For a couple hundred years, people have been cracking jokes at how our technological connections make us more disconnected from each other. Scott Doyon points out how real connections within communities are the cornerstone to resilience:
"In short, communities with strong social ties fare better in times of adversity. So today, thanks in large part to the social web, we’re more connected than ever. But has the often superficial nature of those connections made us any stronger?"
"[I]t’s entirely possible that our hyper-social online world is tricking us into believing we’re connected in more meaningful ways than we actually are. This matters because, for communities to truly thrive over time, two types of connection must also thrive: 1) person-to-person; and 2) people-to-place."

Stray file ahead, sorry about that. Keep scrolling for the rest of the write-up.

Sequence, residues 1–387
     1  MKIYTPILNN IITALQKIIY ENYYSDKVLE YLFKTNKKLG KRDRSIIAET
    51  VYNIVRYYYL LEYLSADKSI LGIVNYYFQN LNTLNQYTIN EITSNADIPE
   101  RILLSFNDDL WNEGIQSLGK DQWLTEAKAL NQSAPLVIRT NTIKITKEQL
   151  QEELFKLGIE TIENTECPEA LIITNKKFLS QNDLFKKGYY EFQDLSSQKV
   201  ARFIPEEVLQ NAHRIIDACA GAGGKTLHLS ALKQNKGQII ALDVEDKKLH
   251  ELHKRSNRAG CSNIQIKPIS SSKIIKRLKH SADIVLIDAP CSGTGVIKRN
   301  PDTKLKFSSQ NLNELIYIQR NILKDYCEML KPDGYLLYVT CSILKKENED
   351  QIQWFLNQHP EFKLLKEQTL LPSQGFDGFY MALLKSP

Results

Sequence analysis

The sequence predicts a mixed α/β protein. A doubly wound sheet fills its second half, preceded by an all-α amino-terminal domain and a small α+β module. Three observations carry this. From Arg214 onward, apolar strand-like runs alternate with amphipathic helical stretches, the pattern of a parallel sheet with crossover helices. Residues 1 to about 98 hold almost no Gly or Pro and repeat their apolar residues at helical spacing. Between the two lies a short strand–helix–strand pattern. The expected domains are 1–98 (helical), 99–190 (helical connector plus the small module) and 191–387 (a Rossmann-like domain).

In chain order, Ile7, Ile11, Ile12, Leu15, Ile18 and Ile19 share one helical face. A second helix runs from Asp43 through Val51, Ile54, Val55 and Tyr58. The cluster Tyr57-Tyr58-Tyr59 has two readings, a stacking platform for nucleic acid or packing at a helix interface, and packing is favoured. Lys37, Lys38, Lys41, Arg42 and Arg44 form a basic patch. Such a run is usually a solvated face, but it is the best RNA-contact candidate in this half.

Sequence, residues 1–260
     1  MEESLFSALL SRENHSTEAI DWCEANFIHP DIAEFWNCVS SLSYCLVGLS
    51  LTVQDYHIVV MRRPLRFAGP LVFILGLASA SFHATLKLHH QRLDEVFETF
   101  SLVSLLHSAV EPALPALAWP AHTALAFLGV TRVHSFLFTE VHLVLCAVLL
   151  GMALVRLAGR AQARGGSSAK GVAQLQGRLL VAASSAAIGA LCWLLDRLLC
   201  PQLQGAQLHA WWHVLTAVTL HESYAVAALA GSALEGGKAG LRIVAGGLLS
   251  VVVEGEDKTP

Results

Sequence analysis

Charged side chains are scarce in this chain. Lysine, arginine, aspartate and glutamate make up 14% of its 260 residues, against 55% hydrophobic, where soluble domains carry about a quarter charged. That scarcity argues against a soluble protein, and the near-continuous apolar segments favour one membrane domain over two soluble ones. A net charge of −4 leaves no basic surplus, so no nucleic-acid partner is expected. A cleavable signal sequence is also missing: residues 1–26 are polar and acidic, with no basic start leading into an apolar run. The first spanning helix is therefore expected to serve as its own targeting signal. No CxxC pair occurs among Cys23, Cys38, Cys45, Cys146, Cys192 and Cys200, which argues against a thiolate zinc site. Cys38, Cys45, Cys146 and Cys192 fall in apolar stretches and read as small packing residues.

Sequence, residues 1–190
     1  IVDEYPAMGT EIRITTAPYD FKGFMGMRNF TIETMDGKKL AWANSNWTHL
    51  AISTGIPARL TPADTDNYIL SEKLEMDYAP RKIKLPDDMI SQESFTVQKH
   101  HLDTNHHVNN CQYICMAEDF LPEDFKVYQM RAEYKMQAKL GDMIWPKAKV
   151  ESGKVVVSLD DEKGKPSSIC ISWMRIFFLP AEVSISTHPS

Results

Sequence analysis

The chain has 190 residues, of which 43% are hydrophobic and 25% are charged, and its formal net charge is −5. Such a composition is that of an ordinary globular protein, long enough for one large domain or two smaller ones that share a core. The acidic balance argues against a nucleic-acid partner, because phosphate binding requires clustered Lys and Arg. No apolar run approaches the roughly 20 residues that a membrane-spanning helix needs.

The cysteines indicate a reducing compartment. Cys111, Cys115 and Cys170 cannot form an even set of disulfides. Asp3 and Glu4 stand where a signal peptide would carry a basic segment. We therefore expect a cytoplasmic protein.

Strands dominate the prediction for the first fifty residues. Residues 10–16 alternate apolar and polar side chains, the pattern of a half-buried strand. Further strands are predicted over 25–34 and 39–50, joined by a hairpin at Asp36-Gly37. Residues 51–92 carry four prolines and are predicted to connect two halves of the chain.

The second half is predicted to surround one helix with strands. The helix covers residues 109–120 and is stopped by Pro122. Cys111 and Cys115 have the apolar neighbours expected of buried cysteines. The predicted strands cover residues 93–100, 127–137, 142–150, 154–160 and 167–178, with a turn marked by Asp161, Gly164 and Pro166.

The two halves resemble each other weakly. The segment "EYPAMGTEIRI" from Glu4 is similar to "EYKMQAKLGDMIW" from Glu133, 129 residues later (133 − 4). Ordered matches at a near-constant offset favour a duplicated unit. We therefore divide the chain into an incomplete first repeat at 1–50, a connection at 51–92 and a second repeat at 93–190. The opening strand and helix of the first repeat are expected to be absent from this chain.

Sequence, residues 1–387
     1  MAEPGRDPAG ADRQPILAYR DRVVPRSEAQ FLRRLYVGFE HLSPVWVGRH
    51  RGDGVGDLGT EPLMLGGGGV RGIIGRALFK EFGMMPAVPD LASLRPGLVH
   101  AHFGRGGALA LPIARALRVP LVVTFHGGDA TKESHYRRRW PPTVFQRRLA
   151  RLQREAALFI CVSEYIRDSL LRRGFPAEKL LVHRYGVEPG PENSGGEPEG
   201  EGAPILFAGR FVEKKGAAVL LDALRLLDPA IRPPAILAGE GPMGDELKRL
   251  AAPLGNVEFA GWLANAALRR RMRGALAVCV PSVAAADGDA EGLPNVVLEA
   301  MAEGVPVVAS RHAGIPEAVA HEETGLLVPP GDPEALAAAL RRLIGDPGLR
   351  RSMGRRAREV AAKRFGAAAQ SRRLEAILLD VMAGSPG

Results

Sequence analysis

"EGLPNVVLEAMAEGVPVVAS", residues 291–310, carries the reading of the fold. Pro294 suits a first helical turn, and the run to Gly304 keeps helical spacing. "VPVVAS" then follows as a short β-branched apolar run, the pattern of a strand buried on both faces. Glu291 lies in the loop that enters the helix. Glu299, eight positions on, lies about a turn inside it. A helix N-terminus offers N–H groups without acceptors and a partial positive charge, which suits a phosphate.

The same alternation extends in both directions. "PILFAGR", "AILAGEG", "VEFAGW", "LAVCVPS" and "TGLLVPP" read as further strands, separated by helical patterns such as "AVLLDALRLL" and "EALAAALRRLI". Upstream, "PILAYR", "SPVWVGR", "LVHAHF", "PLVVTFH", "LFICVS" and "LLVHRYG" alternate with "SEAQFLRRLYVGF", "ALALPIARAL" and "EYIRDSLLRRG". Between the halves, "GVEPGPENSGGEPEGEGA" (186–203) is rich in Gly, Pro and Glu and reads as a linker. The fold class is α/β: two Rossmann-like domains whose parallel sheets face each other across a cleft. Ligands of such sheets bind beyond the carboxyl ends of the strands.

Doyon goes on to explore the ways we inhabit space and nurture relationships. It's not about connecting for connection sake. But rather about sharing "our passions and ambitions, our sorrows and joys, our fundamental need for one another."